Cross-sectional, prospective, and experimental studies in both clinical and non-clinical populations provide support for the metacognitive model of OCD. Metacognitive beliefs in general, and fusion beliefs in particular, correlate positively with OCD symptoms in non-clinical samples (Cartwright-Hatton and Wells, 1997; Wells and Papageorgiou, 1998; Emmelkamp and Aardema, 1999; Sica et al., 2007). Furthermore, metacognitive beliefs are stronger predictors of OCD symptoms than cognitive beliefs, such as responsibility, intolerance of uncertainty, perfectionism, which explain little or no additional variance (Gwilliam et al., 2004; Myers and Wells, 2005; Myers et al., 2009a). In a prospective study, Myers et al. (2009b) found that, when statistically controlling for worry and overestimation of threat, only fusion beliefs emerged as a significant independent predictor of obsessive-compulsive symptoms, but other beliefs did not. In a routine treatment study, Solem et al. (2009) found that changes in metacognitive beliefs were a better predictor of outcomes than changes in responsibility and perfectionism among patients receiving ERP even after controlling for cognitive factors. Subsequently, Grøtte et al. (2015) replicated and extended this study by using a larger clinical sample and specific measures of metacognition assessing fusion beliefs and beliefs about rituals. Therefore, there is considerable empirical evidence to support the metacognitive model of OCD and the specific and direct role that metacognition plays over and above cognition.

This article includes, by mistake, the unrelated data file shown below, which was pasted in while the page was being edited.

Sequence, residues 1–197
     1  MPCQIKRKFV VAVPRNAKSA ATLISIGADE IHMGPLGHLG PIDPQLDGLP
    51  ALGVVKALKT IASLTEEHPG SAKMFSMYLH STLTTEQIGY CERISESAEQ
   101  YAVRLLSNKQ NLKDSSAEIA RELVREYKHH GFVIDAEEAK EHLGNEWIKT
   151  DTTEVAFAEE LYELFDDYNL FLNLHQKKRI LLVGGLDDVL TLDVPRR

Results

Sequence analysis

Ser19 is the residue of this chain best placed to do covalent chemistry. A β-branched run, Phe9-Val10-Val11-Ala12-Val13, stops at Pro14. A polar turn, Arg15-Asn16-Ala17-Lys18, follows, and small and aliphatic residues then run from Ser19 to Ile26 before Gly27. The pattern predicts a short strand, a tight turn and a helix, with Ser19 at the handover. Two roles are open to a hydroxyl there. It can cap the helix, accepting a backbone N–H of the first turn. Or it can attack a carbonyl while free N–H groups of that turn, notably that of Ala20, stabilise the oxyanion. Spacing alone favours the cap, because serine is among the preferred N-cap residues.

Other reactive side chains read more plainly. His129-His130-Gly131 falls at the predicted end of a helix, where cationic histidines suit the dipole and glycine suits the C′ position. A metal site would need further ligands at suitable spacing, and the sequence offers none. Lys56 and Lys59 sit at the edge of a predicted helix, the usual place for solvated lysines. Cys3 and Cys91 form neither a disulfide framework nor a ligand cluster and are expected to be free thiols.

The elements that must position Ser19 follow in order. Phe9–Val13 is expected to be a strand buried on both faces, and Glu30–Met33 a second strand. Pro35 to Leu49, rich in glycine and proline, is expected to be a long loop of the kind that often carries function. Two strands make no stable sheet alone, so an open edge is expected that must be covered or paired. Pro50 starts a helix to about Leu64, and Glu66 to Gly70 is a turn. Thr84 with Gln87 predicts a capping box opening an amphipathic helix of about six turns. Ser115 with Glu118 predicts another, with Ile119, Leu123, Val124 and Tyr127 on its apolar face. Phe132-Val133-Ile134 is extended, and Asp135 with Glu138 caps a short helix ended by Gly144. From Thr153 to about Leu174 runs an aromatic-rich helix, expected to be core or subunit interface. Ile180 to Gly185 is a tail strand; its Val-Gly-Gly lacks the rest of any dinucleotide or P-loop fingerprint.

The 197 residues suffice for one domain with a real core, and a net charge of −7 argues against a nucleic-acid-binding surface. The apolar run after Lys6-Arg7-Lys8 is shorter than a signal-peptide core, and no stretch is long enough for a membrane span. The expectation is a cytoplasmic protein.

Metacognitive therapy for OCD (Wells, 1997, 2009) directly focuses on modifying metacognitive beliefs and beliefs about rituals. Empirical evidence supporting MCT for OCD has derived from experimental component studies (Fisher and Wells, 2005a). Evidence supporting full MCT for OCD has derived from single case series in children and adolescents (Simons et al., 2006) as well as adults receiving this treatment in both an individual (Fisher and Wells, 2008; Van der Heiden et al., 2016) and group (Rees and van Koesveld, 2008) format. In addition, an RCT comparing individual MCT for adults with OCD with combined MCT and a medication (fluvoxamine) condition has also provided evidence supporting the intervention (Shareh et al., 2010). These studies obtained clinically significant results equal or better to those typically found in RCTs of CBT for OCD (Fisher and Wells, 2005b). In the present evaluation, we aimed to benchmark our usual group CBT for OCD and carry out a further benchmarking analysis for group MCT to determine if this could provide any clinical advantages in a subsequent cohort of adults who attended the same service for OCD in a mental health hospital over a subsequent 5-year period.